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Rubyesque Regex in PowerShell

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Ruby provides a handy mechanism for working with regular expressions. Using the =~ operator, ruby will load the regex matches into global variables $1, $2, $3, [...]. For example:

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module Jekyll
  class GitHubTag < Liquid::Tag
    include HighlightCode
    include TemplateWrapper
    Pattern = /^(\w+)\s+(\w+)\s+(\w+)\s*(\.?\w+.?\w*)?\s*(http[s]*:\/\/\S+)?\s*(\S[\S\s]*)?$/i
    def initialize(tag_name, text, token)
      [...]
      @highlight = true
      if text =~ /\s*lang:(\w+)/i
        @filetype = $1
        text = text.sub(/lang:\w+/i,'')
      end
      if text =~ Pattern
        @user = $1
        @repo = $2
        @sha = $3
        @caption = $4
        @file = @caption
        @link = $5
        @linkTitle = $6
        [...]
      end

      if @file =~ /\S[\S\s]*\w+\.(\w+)/ && @filetype.nil?
        @filetype = $1
      end
    end
    [...]
  end
end

In PowerShell, it can be done a little better (and a little worse). Instead of relying on global variables, the variables can be loaded into the scope of the calling method. Unfortunately, PowerShell neither supports custom operators nor operator overloading. To create a similar usage, I can define a function named =~ (yes, you can create crazy function names in PowerShell) that will take the source text in from the pipeline, and then the pattern to match as an argument giving us the syntax $text | =~ $pattern. The text may not match the string pattern; as such, the function must return $true/$false so that we know it is safe to use the automatic variables. We also need to deal with the case in which the variables already exist so that the variables are set rather redeclaring them.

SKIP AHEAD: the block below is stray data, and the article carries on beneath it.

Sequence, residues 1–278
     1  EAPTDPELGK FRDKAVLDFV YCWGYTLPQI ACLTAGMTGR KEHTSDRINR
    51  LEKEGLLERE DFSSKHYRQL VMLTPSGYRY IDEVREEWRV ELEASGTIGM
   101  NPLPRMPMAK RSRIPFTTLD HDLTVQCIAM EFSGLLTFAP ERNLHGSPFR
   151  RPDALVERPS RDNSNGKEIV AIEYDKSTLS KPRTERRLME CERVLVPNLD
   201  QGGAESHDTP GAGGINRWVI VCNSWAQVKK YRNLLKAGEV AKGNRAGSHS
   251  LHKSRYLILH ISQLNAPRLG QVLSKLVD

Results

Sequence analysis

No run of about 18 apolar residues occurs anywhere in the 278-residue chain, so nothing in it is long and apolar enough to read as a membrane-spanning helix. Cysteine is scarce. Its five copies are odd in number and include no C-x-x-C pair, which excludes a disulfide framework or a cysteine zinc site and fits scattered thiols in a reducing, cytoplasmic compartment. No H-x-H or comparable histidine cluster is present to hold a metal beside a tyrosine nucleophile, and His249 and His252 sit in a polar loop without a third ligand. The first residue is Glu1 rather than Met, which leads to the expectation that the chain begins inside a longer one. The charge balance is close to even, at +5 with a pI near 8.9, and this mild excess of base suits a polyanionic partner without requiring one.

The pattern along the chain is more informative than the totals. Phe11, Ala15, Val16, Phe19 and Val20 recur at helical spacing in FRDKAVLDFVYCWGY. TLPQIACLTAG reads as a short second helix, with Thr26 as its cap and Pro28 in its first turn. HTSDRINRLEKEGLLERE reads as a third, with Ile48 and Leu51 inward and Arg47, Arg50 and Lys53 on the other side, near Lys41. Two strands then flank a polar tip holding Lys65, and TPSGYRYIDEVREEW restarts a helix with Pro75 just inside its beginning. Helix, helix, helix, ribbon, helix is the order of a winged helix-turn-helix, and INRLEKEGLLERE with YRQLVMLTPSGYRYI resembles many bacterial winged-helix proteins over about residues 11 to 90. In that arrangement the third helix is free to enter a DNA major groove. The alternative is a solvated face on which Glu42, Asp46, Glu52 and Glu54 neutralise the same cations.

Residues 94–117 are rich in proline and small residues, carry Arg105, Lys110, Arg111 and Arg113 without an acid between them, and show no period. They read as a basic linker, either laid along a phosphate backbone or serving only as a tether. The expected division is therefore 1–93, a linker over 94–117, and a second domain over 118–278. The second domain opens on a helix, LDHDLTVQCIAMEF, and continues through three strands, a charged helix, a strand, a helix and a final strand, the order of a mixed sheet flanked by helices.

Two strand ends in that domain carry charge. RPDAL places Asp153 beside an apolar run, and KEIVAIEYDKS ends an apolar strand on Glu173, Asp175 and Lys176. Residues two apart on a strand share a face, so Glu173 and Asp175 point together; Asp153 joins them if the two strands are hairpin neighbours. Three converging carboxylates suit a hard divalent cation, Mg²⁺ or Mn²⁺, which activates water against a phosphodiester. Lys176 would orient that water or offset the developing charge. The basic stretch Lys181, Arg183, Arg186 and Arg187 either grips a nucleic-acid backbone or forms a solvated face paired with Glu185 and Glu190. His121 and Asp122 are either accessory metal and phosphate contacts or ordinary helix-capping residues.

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function =~ {
  param([regex]$regex, [switch]$debug, [switch]$caseSensitive)
  process {
    $matches = $null # gets defined automatically when we do the matching
    $mached = $false
    if($caseSensitive) {
      $matched = $_ -cmatch $regex
    } else {
      $matched = $_ -match $regex
    }
    if(!$matched) { return $false }
    foreach( $key in $matches.keys) {
      $name = "$key"
      $value = 0
      $isInt = [int]::TryParse($name, [ref] $value)
      if(!$isInt -or $value -lt 1) { continue }

      $value = $matches[$key]
      $variableIsDeclared = @(Get-Variable $name -Scope 1 -EA SilentlyContinue).Length -gt 0
      if($variableIsDeclared) {
        if($debug) { write-host "setting $name to $value" }
        Set-Variable -Name $name -Value $value -Scope 1
      } else {
        if($debug) { write-host "making $name to $value" }
        New-Variable -Name $name -Value $value -Scope 1
      }
    }
    return $true
  }
}

As an example, I converted the regex part of my github extension for Octopress to PowerShell. It matches a user, repository, hash, file name, url, and title and populates six automatic variables.

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$pattern = "^(\w+)\s+(\w+)\s+(\w+)\s*(\.?\w+.?\w*)?\s*(http[s]*:\/\/\S+)?\s*(\S[\S\s]*)?$"
$text = "idavis octopress aa676f90237c3941cc11f072fd74ab415a0c4022 github_tag.rb https://github.com/idavis/octopress/blob/master/plugins/github_tag.rb Current Version"

if($text | =~ $pattern) {
  Write-Host "Matched!"
  write-host "user = $1"
  write-host "repo = $2"
  write-host "sha = $3"
  write-host "caption = $4"
  write-host "file = $4"
  write-host "link = $5"
  write-host "linkTitle = $6"
}

Running the script above, we get the following output.

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Matched!
user = idavis
repo = octopress
sha = aa676f90237c3941cc11f072fd74ab415a0c4022
caption = github_tag.rb
file = github_tag.rb
link = https://github.com/idavis/octopress/blob/master/plugins/github_tag.rb
linkTitle = Current Version

Now we have much easier regex usage in PowerShell inspired by ruby.

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